The factors for Spain’s leading position in egg donation research and practice include its favorable legal environment especially in light of surrounding more conservative and religious countries where the process is illegal.
Spain’s reproductive legislation is Europe’s most liberal and this has created an increasing flow of reproductive tourists towards Spain – in great part from neighboring countries as well as from all over the world.
But more importantly, there is no shortage of available egg donors in Spain – that is truly what makes it the prime location for Intended Parents coming from around the globe. Spain shows a record of 100 to 150 egg donations per million inhabitants yearly. The fact that donor compensation is higher than in other European countries coupled with the fact that egg donation is anonymous in Spain, probably help to keep it the number of donors available so high. .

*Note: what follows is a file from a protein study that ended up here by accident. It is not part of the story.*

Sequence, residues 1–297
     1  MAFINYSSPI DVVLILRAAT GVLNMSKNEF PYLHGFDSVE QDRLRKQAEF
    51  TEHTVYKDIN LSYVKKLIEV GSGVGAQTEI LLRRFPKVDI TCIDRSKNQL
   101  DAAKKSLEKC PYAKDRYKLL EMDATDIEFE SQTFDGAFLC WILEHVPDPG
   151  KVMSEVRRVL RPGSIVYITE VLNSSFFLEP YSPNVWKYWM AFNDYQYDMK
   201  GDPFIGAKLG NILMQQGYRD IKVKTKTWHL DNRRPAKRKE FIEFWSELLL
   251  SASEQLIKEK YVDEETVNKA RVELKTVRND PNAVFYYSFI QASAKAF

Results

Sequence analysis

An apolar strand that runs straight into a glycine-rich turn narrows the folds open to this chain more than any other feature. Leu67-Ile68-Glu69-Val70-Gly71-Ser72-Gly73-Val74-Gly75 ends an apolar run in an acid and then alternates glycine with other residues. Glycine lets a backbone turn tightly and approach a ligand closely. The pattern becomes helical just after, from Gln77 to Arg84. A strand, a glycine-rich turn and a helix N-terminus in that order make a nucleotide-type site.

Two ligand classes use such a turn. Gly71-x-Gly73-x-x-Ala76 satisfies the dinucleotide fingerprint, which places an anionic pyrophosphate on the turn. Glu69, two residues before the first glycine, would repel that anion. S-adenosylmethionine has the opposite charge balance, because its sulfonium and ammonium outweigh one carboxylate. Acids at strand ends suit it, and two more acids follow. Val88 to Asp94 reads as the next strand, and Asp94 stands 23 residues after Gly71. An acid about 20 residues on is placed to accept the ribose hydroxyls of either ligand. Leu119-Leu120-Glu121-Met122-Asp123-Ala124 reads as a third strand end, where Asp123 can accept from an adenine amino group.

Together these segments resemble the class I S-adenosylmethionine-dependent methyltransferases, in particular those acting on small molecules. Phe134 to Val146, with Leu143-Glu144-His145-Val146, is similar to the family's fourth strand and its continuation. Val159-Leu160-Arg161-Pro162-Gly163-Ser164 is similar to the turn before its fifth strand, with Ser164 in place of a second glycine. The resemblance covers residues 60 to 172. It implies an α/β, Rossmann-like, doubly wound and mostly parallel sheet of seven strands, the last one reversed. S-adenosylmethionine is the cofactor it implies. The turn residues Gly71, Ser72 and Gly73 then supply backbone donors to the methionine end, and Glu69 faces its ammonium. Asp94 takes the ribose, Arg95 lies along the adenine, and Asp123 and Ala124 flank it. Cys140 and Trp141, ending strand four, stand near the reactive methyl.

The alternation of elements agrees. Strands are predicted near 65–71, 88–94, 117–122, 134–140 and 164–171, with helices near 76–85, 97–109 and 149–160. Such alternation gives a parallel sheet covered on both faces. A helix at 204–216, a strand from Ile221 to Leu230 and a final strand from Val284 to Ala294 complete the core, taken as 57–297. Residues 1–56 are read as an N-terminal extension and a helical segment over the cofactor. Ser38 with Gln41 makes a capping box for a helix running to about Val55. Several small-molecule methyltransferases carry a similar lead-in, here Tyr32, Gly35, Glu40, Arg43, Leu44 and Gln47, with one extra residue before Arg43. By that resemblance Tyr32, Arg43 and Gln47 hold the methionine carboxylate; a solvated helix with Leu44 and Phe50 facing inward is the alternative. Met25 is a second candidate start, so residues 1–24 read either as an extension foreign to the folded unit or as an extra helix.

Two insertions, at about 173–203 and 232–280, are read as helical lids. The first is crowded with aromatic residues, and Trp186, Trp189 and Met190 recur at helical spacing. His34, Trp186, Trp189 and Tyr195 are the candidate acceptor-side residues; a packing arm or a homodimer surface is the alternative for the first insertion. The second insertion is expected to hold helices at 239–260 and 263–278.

Economic crisis has also had an impact on egg donation. All major clinics in Spain say that donor numbers have grown since 2008; mainly because students and younger people –the traditional target for donor recruiters- have fewer job opportunities and ways to earn money.
The Variety of Donors
Another benefit of egg donation in Spain, in addition to the abundance of donors, is the variety of donors available… there are many different ethnicities, genetic makeups, and physical looks. The Spanish people do not have one ‘common’ look. Another interesting aspect is that some clinics in Spain are now doing ‘genetic matching’ … which is different than just matching the Intended Parents with a donor based on phenotype.
Traditionally reproduction centers use phenotype matching. This means, that donors are selected according to their physical resemblance to the parents and in some countries also to certain aspects of the social back ground (IQ, level of studies, etc.).